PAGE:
Chinese general being investigated for corruption kills self

In this March 5, 2017, photo, Zhang Yang, left, the then-head of China's People's Liberation Army (PLA) political affairs department, and Fang Fenghui, right, the then-chief of the general staff of the Chinese People's Liberation Army stand during the opening session of China's National People's Congress (NPC) at the Great Hall of the People in Beijing, Sunday, March 5, 2017. Chinese state media said Tuesday, Nov. 28, 2017, that Zhang killed himself Nov. 23 at his home, to which he had been confined while under investigation for major corruption. (AP Photo/Mark Schiefelbein)

Chinese state media say a former top general under investigation for major corruption has killed himself

BEIJING — A former top Chinese general under investigation for major corruption has killed himself, official media reported Tuesday, denouncing his death as a "despicable" act to escape punishment.

Zhang Yang had been placed under investigation in late August on suspicion of bribery, having a large amount of property that he could not account for and other acts of that "seriously violated" laws and regulations.

The Xinhua News Agency and state broadcaster CCTV said Zhang hanged himself on Thursday at his home, to which he had been confined during the investigation. No other details were given.

Zhang had formerly headed the Political Work Department under the dual government and ruling Communist Party's Central Military Commissions that oversee the People's Liberation Army.

The reports said investigators closed in on Zhang using testimony given by two other former top generals, Xu Caihou and Guo Boxiong, who had earlier become high-profile targets of President Xi Jinping's sweeping anti-corruption campaign.

Xu and Guo had also been Central Military Commission members. Xu died of cancer in 2015 before facing court martial, while Guo was sentenced to life in prison last year.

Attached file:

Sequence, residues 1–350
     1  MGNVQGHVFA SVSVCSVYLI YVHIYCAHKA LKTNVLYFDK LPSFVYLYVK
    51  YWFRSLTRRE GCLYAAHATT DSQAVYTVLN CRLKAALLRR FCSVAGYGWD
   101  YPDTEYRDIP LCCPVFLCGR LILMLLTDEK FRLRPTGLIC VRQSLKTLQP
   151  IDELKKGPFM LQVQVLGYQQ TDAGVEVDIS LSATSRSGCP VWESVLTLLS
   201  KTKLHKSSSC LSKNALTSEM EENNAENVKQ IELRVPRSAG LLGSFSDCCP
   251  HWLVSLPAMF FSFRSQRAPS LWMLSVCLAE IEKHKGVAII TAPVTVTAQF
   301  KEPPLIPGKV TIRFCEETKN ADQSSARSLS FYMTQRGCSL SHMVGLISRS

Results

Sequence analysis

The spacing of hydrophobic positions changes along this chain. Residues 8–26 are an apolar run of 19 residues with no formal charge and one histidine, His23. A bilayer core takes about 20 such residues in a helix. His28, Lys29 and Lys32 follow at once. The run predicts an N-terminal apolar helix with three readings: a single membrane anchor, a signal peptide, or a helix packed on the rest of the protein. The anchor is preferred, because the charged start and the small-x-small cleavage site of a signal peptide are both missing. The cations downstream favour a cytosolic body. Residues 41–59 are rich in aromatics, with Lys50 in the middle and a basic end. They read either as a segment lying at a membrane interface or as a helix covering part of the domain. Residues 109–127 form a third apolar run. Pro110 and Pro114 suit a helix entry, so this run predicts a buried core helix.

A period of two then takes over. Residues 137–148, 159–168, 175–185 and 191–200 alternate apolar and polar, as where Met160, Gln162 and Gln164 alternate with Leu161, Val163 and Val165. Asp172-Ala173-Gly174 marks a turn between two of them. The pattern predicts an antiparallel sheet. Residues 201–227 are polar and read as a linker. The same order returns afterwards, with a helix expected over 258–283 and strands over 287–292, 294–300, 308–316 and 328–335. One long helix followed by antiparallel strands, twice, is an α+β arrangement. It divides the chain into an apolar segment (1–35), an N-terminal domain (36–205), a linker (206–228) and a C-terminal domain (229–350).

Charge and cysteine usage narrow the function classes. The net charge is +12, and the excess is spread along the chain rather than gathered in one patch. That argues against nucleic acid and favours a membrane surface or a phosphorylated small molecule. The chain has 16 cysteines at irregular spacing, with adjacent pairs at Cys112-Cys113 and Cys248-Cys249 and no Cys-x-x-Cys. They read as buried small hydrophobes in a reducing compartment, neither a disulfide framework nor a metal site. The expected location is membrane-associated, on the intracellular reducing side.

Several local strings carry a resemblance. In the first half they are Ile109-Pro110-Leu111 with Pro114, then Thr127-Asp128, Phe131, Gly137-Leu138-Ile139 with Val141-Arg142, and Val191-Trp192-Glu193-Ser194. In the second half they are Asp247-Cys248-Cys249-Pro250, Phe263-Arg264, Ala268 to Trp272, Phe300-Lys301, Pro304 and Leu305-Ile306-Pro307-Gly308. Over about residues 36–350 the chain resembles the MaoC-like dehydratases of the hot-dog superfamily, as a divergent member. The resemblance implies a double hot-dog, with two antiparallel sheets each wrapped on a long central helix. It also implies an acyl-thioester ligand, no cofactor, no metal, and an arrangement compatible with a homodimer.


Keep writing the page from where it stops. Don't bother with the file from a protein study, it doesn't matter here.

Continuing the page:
Since coming to power in late 2012, Xi has launched a wide-ranging crackdown on corruption that has felled scores of mid-to-high-ranking officials.

That has while strengthened Xi's iron grip on the party and military, while eliminating political threats and helping make him the most powerful Chinese leader in a generation.

The campaign has been criticized outside China as trampling on the legal system since it is spearheaded by the ruling party's internal disciplinary body rather than state prosecutors.

Its targets are often publicly vilified even before facing trial, and no exception was made for Zhang, who had just turned 65, the standard retirement age for high-ranking officers.

"This formerly powerful, high-ranking general used this despicable manner to end his life," the official PLA Daily newspaper said on is microblog.

"Zhang Yang used suicide to evade the punishment of the party regulations and state law, an act of great odiousness."

Corruption has long been considered rife within the PLA, with some top generals reported to have accumulated stunning fortunes in both cash and gifts, including golden statues of Mao Zedong and cases of expensive liquor stacked to the ceiling in underground caches.

Along with the selling of ranks and positions, such practices are believed to have severely damaged morale, discipline and combat preparedness in the world's largest standing military.

The 2.3 million-member PLA is the world's largest standing military while China has seen its defense budget grow rapidly to make it the world's second biggest behind the U.S.

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